An Architect Designs His Own Minimalist Home With a Dramatic Lightwell
A new year is a great time for a reset of the home, to do away with all the clutter that creates chaos in both the mind and environment. Monochromatic color palettes, warm neutral tones, clean lines, and simplicity – all lend themselves to minimalism, and while the aesthetic is a stripped-back approach, it doesn’t mean it’s boring or unimaginative. By scaling back to the essentials, only the most important elements remain, oftentimes resulting in much-needed serenity.
Architect Omar Gandhi turned a narrow abandoned lot in the North End of Halifax, Nova Scotia, into his own family home, the OG House. Originally, the ground floor was to be Gandhi’s studio space, but during construction it became clear his architecture practice had already outgrown it. The space is now used for community projects located in the neighborhood, specifically housing for those experiencing homelessness and public amenities.
The home comprises a two-story, cedar-clad structure that rests atop a brick base. The bricked ground level features a rounded corner to draw visitors to the rear of the house where the primary entry to the home and studio are. The upper volume makes up the actual residence which includes a screen made of vertical cedar slats that provide privacy from the street below.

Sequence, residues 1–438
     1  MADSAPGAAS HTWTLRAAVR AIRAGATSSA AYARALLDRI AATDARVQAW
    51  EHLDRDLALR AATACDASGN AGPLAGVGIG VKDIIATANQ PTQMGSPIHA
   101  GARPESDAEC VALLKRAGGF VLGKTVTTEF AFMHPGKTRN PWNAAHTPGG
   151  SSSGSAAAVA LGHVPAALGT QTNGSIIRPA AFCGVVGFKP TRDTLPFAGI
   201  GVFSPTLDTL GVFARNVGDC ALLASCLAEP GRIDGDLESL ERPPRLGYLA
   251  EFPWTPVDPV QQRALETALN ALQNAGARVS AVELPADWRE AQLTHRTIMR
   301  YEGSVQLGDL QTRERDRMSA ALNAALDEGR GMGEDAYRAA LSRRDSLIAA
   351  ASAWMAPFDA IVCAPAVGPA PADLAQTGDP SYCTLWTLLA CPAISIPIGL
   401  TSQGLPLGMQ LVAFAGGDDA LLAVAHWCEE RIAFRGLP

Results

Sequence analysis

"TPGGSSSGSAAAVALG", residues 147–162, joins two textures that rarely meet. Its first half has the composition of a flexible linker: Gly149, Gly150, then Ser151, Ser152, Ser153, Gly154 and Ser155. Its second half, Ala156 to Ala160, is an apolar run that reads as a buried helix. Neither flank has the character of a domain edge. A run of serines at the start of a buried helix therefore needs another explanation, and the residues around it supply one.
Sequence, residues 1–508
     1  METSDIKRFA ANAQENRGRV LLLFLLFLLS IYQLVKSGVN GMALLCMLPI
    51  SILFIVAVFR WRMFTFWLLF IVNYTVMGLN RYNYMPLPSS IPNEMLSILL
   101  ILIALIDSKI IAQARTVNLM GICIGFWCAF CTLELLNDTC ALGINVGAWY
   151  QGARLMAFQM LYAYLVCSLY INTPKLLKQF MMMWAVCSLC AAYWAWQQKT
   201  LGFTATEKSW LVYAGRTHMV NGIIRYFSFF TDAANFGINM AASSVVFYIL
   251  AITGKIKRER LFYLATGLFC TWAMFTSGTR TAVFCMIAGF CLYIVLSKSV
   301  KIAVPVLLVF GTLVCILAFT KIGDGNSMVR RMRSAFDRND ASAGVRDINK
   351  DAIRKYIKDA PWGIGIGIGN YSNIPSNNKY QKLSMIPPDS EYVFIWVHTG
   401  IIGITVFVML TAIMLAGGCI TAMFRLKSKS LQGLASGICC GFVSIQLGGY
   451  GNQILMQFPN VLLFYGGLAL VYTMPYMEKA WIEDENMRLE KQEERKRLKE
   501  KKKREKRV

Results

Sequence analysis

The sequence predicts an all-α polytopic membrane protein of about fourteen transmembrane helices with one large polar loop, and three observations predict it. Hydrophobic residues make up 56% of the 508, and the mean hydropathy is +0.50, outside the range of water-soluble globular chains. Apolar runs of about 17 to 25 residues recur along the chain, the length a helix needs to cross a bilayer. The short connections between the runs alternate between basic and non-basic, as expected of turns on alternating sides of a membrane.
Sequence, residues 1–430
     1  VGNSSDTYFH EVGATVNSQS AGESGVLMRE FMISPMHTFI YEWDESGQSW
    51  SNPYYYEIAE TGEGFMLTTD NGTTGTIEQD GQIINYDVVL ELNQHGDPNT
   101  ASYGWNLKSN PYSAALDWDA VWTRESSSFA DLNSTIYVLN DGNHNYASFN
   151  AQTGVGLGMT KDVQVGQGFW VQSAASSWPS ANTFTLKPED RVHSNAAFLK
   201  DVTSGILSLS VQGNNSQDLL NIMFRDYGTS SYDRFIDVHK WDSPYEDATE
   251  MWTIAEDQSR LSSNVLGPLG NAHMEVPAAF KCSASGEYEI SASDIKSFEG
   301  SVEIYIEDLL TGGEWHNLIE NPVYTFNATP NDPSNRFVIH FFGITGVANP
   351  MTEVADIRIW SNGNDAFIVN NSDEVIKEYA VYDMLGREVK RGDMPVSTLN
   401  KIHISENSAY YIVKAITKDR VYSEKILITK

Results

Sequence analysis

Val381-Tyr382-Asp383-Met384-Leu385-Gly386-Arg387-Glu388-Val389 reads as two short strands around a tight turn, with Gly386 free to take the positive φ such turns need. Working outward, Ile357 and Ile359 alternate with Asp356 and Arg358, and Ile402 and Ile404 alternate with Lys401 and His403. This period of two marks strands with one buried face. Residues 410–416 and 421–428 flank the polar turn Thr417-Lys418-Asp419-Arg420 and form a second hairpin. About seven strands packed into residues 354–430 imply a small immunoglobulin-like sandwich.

Around back, a garage and parking area connect to a wide brick staircase that leads to the main entrance.
A steel-clad, oval-shaped closet provides storage and a pathway into the home and studio.
Just above the studio is the main living space, which includes the kitchen, dining room, living room, and bathroom. White oak panels cover the walls and ceilings creating a unified space that’s both warm and inviting. The simple color palette and material choices, along with a curated mix of design details and furnishings, result in a Scandinavian feel throughout.
An oversized rounded island complements a wall of white cabinets that go from the kitchen to the living room.
A pair of white Louis Poulsen PH 5 pendants hang above white oak dining table.
On the living room side of the main floor, an oak-clad lightwell reaches to the roof allowing natural light to fill the main floor. The studio did many light studios and parametric modeling to guide the design of the lightwell to ensure the best lighting conditions throughout.
The child’s room on the third floor has a window in front of a desk that looks out into the lightwell and down to the living room.
Photos by Ema Peter Photography.
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